Peace talks will resume, says Turkish Cyprus president
Turkish Cypriot President Mustafa Akıncı is seen in this file photo. / AA PhotoEven if Cyprus reunification talks went off track on Feb. 16 due to a Greek Cypriot parliament decision to commemorate “Enosis” in public schools, the Turkish Cypriot president said they support a bi-zonal and bi-community federal state and have never given up on the reunification talks.
"We have a week until [next] Thursday [Feb. 23]," when talks are due to resume, state-run Anadolu Agency quoted Turkish Cypriot President Mustafa Akıncı as saying after receiving a delegation from the Bi-communal Peace Platform on Feb. 17.
"We will wait to see the next steps," Akıncı said. "We want a resolution and peace on this island," he added, saying that the Greek Cypriots should work to restore confidence.
Tensions soared over a law recently passed in the south that will now permit the celebration of a 1950 referendum, when 96 percent of Greek Cypriots voted for the island to be united with Greece, which is known as “Enosis” in Greek.
Akıncı’s remarks came one day after U.N. special envoy Espen Barth Eide said on Feb. 16 that although a meeting between Akıncı and Greek Cypriot President Nicos Anastasiades “was not a very happy one” and “ended up abruptly,” the next round would still go ahead as planned next week.
“I am glad to convey to you that both leaders are committed to the process and nobody sees this process as over, terminated or even suspended,” said Eide.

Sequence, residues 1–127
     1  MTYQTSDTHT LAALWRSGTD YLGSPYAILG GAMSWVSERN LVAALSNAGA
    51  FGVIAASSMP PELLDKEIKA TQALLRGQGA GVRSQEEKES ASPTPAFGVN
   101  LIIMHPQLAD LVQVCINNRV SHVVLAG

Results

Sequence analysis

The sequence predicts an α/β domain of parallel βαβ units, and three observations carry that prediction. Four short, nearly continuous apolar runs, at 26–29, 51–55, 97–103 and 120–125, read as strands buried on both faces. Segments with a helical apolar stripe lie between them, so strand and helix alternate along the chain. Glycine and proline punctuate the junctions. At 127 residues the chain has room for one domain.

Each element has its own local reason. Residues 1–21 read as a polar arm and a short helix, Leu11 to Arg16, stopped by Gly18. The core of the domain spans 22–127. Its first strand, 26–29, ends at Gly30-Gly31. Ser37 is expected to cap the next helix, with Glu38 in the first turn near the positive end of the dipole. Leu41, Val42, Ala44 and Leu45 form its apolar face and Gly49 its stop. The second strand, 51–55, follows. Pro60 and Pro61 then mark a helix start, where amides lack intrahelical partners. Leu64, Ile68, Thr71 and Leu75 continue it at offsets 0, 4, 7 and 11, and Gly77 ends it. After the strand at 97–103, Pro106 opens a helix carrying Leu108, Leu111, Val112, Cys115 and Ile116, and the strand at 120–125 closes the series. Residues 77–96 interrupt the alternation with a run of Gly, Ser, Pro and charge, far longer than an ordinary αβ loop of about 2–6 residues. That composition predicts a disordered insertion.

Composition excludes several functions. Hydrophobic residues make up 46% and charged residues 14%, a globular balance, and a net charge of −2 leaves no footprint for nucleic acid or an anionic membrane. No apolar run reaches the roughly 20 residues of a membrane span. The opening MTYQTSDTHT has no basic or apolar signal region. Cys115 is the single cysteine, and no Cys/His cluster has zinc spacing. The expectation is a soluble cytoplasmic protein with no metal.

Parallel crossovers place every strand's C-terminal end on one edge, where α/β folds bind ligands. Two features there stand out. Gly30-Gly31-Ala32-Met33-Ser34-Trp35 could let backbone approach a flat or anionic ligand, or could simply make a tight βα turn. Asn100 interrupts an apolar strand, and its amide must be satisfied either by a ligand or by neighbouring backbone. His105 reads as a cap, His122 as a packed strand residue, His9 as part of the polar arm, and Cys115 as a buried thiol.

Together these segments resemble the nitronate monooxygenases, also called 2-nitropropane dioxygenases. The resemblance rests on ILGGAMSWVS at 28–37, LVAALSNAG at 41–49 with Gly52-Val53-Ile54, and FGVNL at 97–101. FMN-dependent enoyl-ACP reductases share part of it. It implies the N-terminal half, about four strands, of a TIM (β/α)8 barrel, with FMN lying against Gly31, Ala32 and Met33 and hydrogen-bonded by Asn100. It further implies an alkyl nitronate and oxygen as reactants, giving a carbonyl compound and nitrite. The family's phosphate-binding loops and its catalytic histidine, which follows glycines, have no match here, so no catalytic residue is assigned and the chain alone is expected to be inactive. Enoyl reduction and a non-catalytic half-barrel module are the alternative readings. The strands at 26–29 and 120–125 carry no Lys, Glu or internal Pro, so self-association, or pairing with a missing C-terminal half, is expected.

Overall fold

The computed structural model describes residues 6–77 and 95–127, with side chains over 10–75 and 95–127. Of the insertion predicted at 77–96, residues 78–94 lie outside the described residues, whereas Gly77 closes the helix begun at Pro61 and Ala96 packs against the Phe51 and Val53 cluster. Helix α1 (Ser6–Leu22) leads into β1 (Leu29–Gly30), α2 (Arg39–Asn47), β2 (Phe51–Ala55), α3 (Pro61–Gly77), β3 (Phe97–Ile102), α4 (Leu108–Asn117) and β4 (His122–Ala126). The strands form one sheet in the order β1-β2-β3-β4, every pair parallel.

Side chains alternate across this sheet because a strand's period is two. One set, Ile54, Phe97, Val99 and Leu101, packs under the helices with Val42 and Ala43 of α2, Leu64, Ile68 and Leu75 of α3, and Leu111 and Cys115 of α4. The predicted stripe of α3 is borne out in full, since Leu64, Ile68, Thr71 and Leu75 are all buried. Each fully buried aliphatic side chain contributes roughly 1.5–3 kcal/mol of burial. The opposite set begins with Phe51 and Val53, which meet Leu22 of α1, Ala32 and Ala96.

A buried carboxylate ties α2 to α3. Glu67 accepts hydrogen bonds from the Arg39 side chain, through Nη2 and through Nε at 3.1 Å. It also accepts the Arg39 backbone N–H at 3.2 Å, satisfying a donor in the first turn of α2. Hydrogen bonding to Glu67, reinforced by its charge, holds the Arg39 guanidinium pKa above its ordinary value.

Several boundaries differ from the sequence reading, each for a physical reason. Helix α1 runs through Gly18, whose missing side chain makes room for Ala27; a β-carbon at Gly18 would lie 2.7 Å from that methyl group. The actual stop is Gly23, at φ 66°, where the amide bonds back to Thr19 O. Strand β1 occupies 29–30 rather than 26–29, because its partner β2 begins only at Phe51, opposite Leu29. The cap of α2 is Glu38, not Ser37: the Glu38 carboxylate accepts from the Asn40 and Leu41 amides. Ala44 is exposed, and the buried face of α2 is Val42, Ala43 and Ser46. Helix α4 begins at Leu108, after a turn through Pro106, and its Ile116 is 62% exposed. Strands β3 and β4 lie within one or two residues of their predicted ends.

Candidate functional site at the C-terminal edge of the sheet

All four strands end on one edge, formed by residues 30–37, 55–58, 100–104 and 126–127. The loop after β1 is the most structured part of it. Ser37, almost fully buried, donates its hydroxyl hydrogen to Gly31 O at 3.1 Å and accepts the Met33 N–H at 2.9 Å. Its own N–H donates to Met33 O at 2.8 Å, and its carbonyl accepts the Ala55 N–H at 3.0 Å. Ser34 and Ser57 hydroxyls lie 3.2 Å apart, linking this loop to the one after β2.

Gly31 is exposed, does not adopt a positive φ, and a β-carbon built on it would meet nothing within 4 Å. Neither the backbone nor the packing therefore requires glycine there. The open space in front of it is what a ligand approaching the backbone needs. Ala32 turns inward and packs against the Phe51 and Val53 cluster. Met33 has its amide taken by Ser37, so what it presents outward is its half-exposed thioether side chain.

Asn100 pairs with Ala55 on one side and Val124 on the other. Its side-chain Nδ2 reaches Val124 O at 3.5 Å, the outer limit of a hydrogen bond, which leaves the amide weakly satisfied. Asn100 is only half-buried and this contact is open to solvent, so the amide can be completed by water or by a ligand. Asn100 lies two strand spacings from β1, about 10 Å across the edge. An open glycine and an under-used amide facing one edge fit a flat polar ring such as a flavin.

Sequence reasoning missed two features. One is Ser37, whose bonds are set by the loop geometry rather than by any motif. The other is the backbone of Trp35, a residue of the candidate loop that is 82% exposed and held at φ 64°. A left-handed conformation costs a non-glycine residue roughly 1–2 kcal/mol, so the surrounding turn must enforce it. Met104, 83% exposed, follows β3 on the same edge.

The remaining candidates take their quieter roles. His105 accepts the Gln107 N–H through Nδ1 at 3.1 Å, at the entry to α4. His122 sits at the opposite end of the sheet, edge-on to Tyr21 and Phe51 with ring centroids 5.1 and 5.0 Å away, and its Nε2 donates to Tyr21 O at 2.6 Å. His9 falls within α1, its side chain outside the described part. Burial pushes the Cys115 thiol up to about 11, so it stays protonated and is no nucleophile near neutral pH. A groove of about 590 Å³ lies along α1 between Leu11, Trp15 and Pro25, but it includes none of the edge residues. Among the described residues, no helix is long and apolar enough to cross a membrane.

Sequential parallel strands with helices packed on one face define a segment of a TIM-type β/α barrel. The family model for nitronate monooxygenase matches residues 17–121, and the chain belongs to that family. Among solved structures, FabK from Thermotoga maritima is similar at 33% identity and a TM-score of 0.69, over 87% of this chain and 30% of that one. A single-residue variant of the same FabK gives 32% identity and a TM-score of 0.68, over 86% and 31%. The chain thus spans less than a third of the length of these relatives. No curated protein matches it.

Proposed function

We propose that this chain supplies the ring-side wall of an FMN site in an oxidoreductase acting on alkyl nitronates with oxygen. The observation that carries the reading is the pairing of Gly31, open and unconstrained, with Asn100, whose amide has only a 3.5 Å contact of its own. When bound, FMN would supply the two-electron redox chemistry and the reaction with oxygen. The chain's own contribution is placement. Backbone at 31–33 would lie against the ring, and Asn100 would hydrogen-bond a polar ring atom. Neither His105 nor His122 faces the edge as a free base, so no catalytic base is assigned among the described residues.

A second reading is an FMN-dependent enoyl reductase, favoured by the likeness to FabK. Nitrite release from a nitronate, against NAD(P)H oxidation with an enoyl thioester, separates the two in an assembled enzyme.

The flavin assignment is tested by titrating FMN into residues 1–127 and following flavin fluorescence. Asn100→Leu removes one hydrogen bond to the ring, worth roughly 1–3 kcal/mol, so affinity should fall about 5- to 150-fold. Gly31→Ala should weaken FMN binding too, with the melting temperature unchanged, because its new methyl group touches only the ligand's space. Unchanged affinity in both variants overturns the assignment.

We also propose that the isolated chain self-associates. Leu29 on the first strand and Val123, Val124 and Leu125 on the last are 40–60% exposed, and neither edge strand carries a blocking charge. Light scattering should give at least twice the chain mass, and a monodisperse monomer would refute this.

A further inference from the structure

Anastasiades and Akıncı on Feb. 17 engaged in a war of words over the previous day's walkout.
Eide said it was Akıncı who stormed off but the Turkish Cypriot leader on Feb. 17 accused the U.N. diplomat of "hiding half of the truth."
"Eide should not come to the situation of having the trust towards him questioned by saying one half of the truth and hiding the other," Akıncı was quoted as saying by AFP on Feb. 17.
He insists that Anastasiades left the room first, slamming the door behind him.
Akıncı said that when the “Enosis” issue was discussed, Anastasiades said there “was nothing else to say, slammed the door hard and left,” despite Eide’s effort to provide conciliation.
“At that point there was nothing more to do, as this meeting needs to be conducted in an atmosphere of respect. So we also left the meeting,” Akıncı had said on Feb. 16.
Anastasiades has denied this and his spokesman squarely blamed Akıncı, in what he branded a "pre-determined act.”
Anastasiades issued his own statement to try to set the record straight.
"I do not wish, in any way, to engage in an unnecessary blame game, especially after the public explanation" by the U.N. envoy, said the Greek Cypriot leader, according to AFP.
"I call on the Turkish Cypriot leader to be present at the next meeting so that through a constructive dialogue those conditions can be created that will allow us to be optimistic for a positive outcome."
The eastern Mediterranean island has been divided since 1974 when Turkish troops intervened in the northern third after a coup aimed at unification with Greece took place.
The two sides have been engaged in fragile peace talks since May 2015 that observers have described as the best chance in years to reunify the island.